Part 1: New Blood
Time: 220 million years BCE
Place: "Arizona," on
the Earth’s only continent of Pangaea
Actual Location Shots: New Caledonia
Cynodont, the missing link between
reptiles and mammals, with a rat-like face and a dog-lizard body
that has a little hair, is the poster child of this episode. Besides
being somewhat cute, Cynodont mates for life, lays eggs but suckles
its young, and the males hunt only at night. Best of all, it gets
a pleasant woodwind-and-strings theme on the soundtrack.
The other primary characters of
part 1 are Coelophysis, a light-boned, light green runner that
resembles the raptors so familiar from "Jurassic Park"
or the long-familiar Ornitholestes, who turns up in part 2; and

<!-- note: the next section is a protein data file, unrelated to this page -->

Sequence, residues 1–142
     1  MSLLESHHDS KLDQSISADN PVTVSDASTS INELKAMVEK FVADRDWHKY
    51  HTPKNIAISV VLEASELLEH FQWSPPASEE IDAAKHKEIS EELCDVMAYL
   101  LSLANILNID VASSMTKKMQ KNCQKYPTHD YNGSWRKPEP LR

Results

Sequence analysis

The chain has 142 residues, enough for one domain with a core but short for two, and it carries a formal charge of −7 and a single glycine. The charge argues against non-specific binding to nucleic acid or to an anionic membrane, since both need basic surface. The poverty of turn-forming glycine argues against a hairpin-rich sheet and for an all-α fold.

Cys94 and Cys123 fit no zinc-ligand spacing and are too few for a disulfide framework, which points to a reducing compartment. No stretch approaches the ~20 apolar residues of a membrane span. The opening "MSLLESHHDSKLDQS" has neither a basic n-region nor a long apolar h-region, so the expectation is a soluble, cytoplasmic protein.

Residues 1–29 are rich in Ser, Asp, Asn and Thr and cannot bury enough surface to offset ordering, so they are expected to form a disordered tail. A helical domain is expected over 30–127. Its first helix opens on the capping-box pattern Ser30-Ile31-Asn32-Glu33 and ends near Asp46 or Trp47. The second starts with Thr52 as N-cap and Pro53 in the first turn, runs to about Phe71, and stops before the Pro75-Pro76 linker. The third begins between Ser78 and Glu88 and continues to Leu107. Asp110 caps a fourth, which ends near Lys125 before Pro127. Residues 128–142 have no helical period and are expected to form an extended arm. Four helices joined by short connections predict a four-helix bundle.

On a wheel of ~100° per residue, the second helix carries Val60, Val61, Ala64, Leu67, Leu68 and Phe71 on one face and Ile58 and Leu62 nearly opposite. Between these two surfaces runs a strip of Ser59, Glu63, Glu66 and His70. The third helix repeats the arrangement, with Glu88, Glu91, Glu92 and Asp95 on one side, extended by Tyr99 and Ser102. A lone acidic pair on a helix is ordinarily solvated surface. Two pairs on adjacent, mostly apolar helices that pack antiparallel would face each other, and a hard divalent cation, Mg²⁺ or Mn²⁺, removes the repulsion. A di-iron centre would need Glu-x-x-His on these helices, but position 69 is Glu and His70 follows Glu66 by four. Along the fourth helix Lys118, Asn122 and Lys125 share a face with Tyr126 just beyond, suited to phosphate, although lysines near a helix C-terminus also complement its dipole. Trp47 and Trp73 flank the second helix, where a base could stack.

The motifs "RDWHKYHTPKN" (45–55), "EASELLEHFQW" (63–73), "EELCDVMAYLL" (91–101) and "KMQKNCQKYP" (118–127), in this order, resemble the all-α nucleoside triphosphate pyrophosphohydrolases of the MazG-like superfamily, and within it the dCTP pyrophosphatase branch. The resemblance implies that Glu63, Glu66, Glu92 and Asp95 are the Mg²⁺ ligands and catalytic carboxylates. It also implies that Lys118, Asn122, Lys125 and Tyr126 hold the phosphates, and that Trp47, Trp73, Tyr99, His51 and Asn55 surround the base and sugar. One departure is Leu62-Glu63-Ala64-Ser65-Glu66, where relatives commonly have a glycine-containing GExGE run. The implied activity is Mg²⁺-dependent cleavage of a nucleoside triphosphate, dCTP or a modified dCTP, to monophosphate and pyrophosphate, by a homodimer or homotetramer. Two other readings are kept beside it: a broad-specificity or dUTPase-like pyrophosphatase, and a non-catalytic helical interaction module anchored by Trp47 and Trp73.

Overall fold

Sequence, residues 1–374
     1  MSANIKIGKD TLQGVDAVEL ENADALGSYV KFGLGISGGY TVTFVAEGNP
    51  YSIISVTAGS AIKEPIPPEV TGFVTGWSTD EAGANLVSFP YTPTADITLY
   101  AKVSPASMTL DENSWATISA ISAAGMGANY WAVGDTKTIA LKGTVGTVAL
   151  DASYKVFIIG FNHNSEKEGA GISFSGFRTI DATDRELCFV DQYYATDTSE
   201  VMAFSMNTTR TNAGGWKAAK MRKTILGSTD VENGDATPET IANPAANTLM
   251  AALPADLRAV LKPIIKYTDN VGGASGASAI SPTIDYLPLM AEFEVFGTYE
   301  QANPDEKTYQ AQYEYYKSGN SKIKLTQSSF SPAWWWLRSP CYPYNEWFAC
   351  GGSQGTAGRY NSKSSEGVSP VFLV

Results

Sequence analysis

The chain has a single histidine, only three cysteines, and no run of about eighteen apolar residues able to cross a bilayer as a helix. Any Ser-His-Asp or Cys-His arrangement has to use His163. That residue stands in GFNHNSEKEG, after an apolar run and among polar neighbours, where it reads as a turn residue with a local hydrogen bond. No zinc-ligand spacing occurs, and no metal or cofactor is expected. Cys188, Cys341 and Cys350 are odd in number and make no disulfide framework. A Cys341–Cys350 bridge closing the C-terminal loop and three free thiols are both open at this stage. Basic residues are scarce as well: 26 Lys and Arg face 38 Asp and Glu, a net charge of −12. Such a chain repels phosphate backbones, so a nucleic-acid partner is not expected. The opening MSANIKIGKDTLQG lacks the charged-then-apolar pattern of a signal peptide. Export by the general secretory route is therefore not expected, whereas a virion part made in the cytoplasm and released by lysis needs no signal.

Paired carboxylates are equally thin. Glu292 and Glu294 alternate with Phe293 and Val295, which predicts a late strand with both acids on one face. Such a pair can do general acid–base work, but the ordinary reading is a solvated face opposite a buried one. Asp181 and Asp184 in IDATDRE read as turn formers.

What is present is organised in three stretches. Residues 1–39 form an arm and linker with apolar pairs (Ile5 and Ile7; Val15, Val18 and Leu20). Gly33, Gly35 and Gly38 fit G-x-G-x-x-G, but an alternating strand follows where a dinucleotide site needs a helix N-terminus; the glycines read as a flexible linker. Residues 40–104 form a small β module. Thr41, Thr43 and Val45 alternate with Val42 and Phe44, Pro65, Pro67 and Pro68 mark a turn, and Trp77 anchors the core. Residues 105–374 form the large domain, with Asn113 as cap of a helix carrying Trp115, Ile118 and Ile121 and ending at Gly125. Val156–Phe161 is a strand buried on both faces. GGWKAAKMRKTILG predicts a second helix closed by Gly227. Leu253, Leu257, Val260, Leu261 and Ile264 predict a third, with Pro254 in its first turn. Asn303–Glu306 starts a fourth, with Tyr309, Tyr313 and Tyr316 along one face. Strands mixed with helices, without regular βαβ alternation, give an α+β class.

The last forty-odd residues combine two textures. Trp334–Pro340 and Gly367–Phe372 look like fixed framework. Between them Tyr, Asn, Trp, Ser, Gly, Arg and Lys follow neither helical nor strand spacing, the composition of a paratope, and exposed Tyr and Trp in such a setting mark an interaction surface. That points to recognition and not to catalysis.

Postosuchus, the real "heavy" of this episode (in both
senses of the word)—20 feet long, heavy armor on back, massive
jaw with slicing teeth, loud guttural cries and bellows, looks
a little like a huge, skinny, upright crocodile that can rear
Walk-ons include Placerias, a large,
lumbering herbivore headed for quick extinction; Plateosaurus,
a 30-foot forerunner of the giant herbivores like Brontosaurus
and Diplodocus; and Peteinosaurus, an early pterosaur. There’s
an effective animatronic sequence of a Peteinosaurus drinking
at water’s edge with its blunted yellow toucan face, and an animated
sequence of a dragonfly getting nailed by the flying dinosaur,
its wings crunching in Peteinosaurus’s mouth, then falling to
the river surface to float away.
The episode has some bracing scenes.
Pressed by predatory Coelophysis, a Cynodont pair eat their young
and steal off in the night to survive another day. As the water
supply dwindles during a dry summer, "cannibalism is common,"
we are told; and we glimpse animatronic closeups of a Coelophysis
carcass with ripped head and neck, and another small one dangling
from a live reptile’s mouth.